White House counsel and lead Trump lawyer Pat Cipollone falsely claimed during the Senate trial Tuesday that Republicans were barred from attending the House impeachment inquiry's closed-door hearings.
Reality check: Republicans who are members of the three committees conducting the impeachment inquiry — the House Intelligence, Foreign Affairs and Oversight committees — were invited to and did attend impeachment hearings, which took in place in a Sensitive Compartmented Information Facility (SCIF).
- "Not even Mr. Schiff's Republican colleagues were allowed into the SCIF," Cipollone claimed.
- Head impeachment manager Rep. Adam Schiff (D-N.Y.) responded that he would not suggest that Cipollone would "deliberately make a false statement,” but that "he's mistaken" and that Republicans were given equal time to question witnesses during the closed-door depositions.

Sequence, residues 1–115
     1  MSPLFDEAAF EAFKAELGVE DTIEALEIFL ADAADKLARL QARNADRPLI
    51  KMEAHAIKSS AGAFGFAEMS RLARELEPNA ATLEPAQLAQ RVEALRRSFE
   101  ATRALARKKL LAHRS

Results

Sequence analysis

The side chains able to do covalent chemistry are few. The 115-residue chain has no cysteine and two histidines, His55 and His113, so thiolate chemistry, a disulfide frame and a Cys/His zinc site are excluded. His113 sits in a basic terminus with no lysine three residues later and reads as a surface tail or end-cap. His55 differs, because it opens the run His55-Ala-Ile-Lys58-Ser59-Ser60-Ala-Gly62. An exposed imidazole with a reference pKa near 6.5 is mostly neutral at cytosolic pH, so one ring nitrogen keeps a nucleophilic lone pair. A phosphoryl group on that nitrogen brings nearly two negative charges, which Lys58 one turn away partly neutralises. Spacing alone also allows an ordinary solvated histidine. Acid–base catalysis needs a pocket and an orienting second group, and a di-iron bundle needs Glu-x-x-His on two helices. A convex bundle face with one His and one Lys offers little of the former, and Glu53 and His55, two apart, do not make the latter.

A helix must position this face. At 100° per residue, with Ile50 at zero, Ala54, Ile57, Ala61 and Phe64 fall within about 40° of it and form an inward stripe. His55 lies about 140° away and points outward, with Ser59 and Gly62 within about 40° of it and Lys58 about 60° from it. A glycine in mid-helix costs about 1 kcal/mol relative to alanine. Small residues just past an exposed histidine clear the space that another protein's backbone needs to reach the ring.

- Rep. Matt Gaetz (R-Fla.) led a group of House Republicans in storming a closed-door hearing in October to protest the alleged lack of transparency from Democrats — despite the fact that at least a dozen of the participating GOP lawmakers sit on one of the authorized committees.
Cipollone also claimed that the impeachment inquiry began when Democrats "made false allegations about a telephone call" and that Schiff began focusing on the second phone call when allegations about the first fell flat.
- Reality check: The inquiry began when a whistleblower alleged that Trump sought to pressure Ukrainian President Volodymyr Zelensky to investigate Joe Biden and his son during a July 25 phone call. The other phone call, which took place in April, was never considered central to the allegations.